Yesterday the Batsman took a break from the wordface just as Sky decided to fill some broadcast hours with a two-hour round-up of the Ashes 2005. You really can't watch it often enough, can you?
You find something new with every encounter. This time it was Michael Vaughan getting bowled. For someone who maintains he doesn't get bowled a lot, he seems to get bowled a lot. He was bowled in both innings at Lord's by McGrath, bowled by Lee in the second innings at Edgbaston, and then again by Lee in Manchester, albeit from a no-ball during his 166.
Subsequently, he's been bowled by Rana Naved in Faisalabad at the end of '05, and then, after his year off with fetlock damage, by Corey Collymore in Manchester, by RP Singh at Lord's, by Zaheer Khan at Trent Bridge, by Jacob Oram in Wellington, by Iain O'Brien at Trent Bridge and by Dale Steyn at Lord's.
In his Test career, he has been bowled 22 times in 147 innings; however 10 of those have come in his last 46 digs. And don't even talk about Lord's.
A quick, unscientific random sample by way of comparison:
Ricky Ponting bowled 24 times in 206 innings
Matthew Hayden 19 times in 175 innings
Jacques Kallis 40 times in 209 innings
Sachin Tendulkar 40 times in 256 innins
Kevin Pietersen 9 times in 80 innings
Mike Hussey 11 times in 49 innings
This rather more comprehensive survey concludes that the modern, post-1990 batsman with an average of over 35 is bowled in around 15 per cent of his innings. Vaughan falls somewhere in the middle of the pack.
So statistically, Michael Vaughan doesn't get bowled a lot. But for someone who doesn't get bowled a lot, Michael Vaughan gets bowled. A lot. Or at least he appears to. Several reasons ruffle the Batsman's cap...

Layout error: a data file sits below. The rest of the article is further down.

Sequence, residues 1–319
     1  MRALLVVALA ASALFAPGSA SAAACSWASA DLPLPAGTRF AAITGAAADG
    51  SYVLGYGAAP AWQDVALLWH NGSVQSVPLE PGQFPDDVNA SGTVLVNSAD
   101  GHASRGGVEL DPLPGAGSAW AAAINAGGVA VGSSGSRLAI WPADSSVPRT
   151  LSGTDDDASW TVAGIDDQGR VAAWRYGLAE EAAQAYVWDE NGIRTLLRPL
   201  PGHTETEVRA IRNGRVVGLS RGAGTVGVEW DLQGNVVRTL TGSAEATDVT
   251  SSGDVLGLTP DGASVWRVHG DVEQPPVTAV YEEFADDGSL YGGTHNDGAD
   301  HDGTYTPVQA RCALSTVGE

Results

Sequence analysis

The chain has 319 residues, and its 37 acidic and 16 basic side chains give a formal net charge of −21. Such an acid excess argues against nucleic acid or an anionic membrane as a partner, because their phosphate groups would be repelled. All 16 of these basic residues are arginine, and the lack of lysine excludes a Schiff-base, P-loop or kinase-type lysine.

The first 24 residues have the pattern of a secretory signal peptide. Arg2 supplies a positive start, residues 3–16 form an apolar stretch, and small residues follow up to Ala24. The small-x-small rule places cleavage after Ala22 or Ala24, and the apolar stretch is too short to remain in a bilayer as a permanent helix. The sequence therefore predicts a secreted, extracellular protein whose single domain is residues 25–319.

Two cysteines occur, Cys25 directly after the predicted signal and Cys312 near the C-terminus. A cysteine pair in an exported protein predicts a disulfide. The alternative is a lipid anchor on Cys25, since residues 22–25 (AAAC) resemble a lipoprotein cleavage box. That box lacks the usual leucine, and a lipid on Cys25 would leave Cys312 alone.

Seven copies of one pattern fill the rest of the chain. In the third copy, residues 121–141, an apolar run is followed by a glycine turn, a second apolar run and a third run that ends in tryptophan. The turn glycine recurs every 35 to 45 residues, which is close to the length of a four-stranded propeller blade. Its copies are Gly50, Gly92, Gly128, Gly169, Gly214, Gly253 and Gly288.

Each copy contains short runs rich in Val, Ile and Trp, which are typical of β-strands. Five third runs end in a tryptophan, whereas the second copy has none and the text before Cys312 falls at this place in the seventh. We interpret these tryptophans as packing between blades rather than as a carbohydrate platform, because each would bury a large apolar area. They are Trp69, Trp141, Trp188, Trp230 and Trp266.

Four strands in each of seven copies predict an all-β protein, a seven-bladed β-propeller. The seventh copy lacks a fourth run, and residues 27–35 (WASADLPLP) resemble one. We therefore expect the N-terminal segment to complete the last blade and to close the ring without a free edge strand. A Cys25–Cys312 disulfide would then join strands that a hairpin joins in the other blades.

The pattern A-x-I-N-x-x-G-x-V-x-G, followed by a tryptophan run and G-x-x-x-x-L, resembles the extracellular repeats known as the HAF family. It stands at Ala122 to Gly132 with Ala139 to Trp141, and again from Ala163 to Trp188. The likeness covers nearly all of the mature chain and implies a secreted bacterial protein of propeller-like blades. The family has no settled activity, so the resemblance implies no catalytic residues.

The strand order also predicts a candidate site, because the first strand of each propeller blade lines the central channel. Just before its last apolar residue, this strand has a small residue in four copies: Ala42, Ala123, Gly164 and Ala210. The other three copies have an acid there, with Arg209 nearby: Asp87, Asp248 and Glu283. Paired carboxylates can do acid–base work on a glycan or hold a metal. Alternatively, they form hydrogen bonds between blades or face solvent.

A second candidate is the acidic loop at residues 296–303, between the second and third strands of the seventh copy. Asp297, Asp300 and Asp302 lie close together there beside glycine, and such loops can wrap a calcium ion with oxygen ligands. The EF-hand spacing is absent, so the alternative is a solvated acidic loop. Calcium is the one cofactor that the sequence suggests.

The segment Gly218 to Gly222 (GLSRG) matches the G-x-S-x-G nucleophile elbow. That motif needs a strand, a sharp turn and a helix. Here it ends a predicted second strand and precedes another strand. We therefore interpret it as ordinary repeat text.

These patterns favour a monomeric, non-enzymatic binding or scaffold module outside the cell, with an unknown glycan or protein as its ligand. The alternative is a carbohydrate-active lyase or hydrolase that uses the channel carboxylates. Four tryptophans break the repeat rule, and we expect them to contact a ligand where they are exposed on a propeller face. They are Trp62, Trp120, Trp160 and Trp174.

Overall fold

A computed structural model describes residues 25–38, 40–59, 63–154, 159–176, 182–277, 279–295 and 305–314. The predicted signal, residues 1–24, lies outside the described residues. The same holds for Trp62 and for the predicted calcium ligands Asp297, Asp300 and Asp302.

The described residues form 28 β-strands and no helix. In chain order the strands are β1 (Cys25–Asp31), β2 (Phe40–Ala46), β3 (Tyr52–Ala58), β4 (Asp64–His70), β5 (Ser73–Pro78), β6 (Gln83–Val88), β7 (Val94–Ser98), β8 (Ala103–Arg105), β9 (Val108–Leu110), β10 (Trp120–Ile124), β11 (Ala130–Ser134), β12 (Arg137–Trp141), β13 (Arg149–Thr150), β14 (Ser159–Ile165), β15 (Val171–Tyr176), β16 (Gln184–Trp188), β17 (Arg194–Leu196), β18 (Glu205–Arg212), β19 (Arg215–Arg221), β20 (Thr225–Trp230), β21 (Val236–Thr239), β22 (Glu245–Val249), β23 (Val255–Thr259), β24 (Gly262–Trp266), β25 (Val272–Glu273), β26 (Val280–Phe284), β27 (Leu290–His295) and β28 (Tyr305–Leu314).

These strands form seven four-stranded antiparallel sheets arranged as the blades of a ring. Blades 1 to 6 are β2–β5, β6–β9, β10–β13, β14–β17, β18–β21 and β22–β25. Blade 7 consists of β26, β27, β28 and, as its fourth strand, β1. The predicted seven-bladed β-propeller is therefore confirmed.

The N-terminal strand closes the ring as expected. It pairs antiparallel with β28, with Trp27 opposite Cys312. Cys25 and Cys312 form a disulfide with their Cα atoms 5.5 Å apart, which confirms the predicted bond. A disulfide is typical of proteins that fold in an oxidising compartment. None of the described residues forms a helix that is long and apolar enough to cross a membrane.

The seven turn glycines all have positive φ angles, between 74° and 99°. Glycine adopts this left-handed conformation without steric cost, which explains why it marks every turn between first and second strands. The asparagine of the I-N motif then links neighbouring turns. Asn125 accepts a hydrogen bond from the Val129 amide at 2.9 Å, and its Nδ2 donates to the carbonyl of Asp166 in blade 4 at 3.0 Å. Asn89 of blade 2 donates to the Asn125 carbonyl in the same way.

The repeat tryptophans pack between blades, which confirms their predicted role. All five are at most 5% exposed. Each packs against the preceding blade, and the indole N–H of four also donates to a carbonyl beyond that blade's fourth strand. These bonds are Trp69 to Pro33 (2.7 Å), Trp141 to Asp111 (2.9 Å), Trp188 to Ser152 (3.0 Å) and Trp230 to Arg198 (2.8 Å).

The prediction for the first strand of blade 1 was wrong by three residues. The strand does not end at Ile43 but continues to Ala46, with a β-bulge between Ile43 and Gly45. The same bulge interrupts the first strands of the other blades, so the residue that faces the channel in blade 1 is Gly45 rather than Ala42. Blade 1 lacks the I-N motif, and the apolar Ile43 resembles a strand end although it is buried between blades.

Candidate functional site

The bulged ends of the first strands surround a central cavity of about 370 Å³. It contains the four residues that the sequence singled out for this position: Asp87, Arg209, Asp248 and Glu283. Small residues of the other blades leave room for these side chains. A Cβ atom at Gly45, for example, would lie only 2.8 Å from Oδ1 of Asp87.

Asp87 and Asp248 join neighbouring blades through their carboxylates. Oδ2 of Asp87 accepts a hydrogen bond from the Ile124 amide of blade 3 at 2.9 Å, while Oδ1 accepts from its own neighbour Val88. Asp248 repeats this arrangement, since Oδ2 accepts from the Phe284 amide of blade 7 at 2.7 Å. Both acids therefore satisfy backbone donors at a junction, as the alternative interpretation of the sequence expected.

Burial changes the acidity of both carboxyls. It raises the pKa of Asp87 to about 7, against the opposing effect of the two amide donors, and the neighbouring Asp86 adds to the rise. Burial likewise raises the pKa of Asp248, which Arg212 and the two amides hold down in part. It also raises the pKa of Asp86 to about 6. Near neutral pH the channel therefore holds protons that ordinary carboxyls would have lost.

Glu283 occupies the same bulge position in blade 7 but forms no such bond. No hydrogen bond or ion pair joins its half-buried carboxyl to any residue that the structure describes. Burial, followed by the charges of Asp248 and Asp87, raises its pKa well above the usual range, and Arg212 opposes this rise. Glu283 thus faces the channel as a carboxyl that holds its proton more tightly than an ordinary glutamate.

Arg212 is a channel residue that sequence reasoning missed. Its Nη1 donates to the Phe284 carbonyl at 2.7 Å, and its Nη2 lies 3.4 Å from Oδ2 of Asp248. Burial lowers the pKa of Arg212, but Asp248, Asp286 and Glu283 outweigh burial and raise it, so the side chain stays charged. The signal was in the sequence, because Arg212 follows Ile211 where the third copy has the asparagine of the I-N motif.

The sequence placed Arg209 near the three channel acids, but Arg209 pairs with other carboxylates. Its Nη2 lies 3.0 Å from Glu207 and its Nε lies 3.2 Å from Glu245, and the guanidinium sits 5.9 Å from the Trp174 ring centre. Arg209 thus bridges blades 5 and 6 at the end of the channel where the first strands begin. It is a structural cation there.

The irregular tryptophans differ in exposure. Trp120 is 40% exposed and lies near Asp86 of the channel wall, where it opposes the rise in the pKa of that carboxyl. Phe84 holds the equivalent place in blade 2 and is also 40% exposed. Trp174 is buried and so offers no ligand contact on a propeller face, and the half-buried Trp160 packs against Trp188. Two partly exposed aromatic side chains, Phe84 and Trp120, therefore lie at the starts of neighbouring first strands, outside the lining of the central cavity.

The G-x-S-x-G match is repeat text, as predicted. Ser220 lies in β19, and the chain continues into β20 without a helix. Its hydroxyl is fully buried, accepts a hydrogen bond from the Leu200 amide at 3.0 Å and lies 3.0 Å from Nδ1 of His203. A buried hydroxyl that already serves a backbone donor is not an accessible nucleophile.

i) When he gets bowled, he gets bowled badly: off stump or off and middle, playing defensively and simply missing it. It's somehow more vivid that way.
ii) He gets bowled by a lot of fast-medium bowlers. McGrath is of the highest class, but consider Rana Naved, Corey Collymore, RP Singh, Iain O'Brien and big Jake Oram.
iii) He has an idiotic look on his face when it happens.
iv) Finally, and here's where the Batsman thinks the stats may be slightly behind the curve, the trend in modern batting is to get yourself right across the stumps and have the head on a line outside off stump. Thus aggressive players who come at the bowler looking to hit straight or leg side - Pietersen, Hayden, Ponting - tend to remove bowled from the equation. All have been out LBW more often than they have been castled (Pietersen 12, Hayden 26, Ponting 36).
Compare them to an old-time classicist like:
Geoff Boycott, bowled 30 times in 193 innings, leg before only 27.
Or even Mike Hussey (stats above), another natural offside player. As is Vaughan of course.
Being bowled is the most devastating way to get out psychologically, I think. It's a product of the most basic failure of purpose: missing the ball. A decent batsman playing at his natural level should not be bowled often. It hurts too much.
The Old Batsman himself bears several scars, the most livid from a jaffa of a slower ball at Basingstoke that I played about three shots to, none of which came close to connecting. I remember it still, with all of those years gone by...
It's a subject too raw to leave without some comfort. Jacques Kallis has been bowled 40 times in his Test career. He has faced 22,232 deliveries. 22,192 of them have not hit the stumps. Way to go, big man.